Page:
* Changes in cast were celebrated -- and mocked -- by Beauty And The Beast. Sure, they have Grammy winner Toni Braxton now and the guarantee of another year of work, but remember when the show got out at 10:15 and was just a little less R&B?

* Ute Lemper represented Chicago with "I'm a Vamp," a Berlin cabaret song from her CD "Ute Lemper: Berlin Cabaret Songs" that included several multiple personalities and "All That Jazz" in German, French and Japanese.

* In "The Quick Change" from Swan Lake, the audience was invited, ala a British nature television show, to observe the strange patterns of the Swan's "Quick Change" ritual, as performed by both the male and female of the species.

* Current Emcee Robert Sella and a limber Ron Rifkin performed a dance number around "The Glory Of Love" for Cabaret's skit. The Kit Kat Klub band provided the Big Band-esque back up.

* Miss Saigon sang of life "At the Broadway" to the tune of A Chorus Line's "At the Ballet." Sylvia Dohi, in her ninth year as a swing, celebrated playing 10 roles as the only original cast member left, Roger Seyer embraced becoming a singing soldier just like Gomer Pyle, and Lucy Vance ("the white girl") finally realized her dream -- to belt on Broadway.

* Rent exposed an outshoot of their popularity -- high school choirs performing their songs. These " Buck Eye Jazzateers" presented a medley of Rent tunes with cheesy costumes and choreography and in four part harmonies.

* In the Christmas spirit, Ragtime's cast sang the traditional "Hallelujah Chorus" in a gospel vein.

* In a "Broadway Buzz" commercial, Titanic revealed a strange cult that has begun to form around their show in a "Rocky Horror Picture Show" parody featuring a cross-dressing Captain, movie footage complete with shouted commentary and the Titanic Warp ("It's just a turn to the port...").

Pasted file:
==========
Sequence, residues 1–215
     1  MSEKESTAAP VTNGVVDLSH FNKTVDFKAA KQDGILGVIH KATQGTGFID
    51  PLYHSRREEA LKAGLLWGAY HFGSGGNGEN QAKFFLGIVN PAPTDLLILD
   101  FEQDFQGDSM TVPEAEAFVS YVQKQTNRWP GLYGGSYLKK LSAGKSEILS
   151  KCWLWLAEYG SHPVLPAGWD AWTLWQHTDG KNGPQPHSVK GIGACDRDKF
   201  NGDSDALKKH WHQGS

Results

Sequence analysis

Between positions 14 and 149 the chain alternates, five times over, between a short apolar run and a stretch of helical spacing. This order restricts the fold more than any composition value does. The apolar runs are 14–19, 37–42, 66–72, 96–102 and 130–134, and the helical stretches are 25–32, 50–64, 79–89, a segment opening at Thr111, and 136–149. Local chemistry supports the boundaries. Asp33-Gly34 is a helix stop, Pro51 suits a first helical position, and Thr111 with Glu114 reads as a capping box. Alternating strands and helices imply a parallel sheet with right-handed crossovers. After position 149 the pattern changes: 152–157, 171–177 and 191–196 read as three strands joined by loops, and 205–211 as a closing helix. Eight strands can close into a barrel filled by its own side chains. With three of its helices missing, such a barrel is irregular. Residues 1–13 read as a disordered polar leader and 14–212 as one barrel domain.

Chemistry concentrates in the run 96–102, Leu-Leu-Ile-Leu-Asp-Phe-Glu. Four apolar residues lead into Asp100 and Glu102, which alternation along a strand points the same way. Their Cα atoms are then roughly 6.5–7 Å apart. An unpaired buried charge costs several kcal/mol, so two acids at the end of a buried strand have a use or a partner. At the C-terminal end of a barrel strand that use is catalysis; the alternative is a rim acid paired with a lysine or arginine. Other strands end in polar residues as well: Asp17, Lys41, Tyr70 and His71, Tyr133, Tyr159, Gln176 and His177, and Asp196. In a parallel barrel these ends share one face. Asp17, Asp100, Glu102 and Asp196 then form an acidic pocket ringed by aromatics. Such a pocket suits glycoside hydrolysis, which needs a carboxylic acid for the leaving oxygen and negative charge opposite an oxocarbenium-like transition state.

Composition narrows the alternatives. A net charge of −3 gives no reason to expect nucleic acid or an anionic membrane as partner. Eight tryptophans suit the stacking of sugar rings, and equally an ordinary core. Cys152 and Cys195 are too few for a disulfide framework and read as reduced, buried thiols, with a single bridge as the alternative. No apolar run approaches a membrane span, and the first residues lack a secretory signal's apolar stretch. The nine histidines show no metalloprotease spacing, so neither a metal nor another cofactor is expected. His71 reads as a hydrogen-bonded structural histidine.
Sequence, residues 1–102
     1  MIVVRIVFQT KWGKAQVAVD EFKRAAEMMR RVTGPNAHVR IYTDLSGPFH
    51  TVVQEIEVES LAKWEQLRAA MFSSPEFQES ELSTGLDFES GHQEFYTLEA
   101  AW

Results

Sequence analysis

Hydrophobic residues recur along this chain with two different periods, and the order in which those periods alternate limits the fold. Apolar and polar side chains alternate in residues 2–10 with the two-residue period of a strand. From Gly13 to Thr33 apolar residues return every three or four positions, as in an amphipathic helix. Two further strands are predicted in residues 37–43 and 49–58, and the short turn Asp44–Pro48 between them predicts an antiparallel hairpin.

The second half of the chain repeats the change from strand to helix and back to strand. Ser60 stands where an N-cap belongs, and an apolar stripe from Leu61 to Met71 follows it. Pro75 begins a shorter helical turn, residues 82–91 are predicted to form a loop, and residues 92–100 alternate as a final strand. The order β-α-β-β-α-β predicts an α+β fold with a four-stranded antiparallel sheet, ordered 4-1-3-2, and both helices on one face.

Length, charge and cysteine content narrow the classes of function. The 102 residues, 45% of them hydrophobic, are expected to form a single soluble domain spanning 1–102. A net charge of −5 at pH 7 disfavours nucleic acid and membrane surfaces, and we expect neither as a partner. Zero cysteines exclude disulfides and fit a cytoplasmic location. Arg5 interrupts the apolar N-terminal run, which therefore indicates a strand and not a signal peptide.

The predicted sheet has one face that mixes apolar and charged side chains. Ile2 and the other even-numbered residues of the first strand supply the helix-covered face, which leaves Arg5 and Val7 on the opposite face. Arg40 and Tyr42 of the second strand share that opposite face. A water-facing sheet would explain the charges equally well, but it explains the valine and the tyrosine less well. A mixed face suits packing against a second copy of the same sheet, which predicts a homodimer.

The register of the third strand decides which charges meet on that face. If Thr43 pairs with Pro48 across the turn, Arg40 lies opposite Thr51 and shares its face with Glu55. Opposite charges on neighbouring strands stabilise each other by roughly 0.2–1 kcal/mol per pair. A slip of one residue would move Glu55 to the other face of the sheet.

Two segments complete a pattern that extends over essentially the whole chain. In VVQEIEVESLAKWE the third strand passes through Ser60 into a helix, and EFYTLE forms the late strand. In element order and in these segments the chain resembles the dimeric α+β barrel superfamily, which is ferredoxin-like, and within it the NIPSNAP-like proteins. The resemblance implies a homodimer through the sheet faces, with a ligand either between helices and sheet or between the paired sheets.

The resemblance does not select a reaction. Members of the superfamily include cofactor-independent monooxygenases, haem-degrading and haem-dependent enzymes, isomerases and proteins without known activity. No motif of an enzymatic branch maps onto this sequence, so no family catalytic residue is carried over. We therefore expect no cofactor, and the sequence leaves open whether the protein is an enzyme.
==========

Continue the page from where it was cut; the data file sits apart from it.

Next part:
* Jekyll and Hyde did a serious reading of their song, "A New Life" with solos sung by Christiane Noll and Luba Mason. A trio of dancers complemented the singers with a final draping of both a red AIDS ribbon and pink breast cancer ribbon.

* Since Radio City Music Hall and Madison Square Garden BOTH have a piece of The Scarlet Pimpernel, the cast parodied the traditional Rockettes' "March of the Wooden Soldiers" as the minions of Robespierre hunted down and guillotined a "very special guest" -- Santa Claus.

* Morris Beasley, Jr. rapped a piece of poetry called "Conquering the Blues" in Bring in Da' Noise, Bring in Da' Funk.

* The cast of Les Miserables, including Alice Ripley, sang the David Friedman song, "We Can Be Kind".

* Cats went after Swan Lake with "Cats is for the Birds." In the skit, the cats try hard to seduce and/or devour a hapless swan who has wandered into their midst.

* The Broadway Gospel Choir, led by Michael McElroy and featuring a solo performance by Billy Porter, closed the show with "Stand."

For ticket information, call (212) 840-0770.

Broadway Cares / Equity Fights AIDS was founded Oct. 1987 and has raised millions in the fight against HIV and AIDS and raised tens of millions "through the mobilization of the theatrical expertise of the entertainment industry."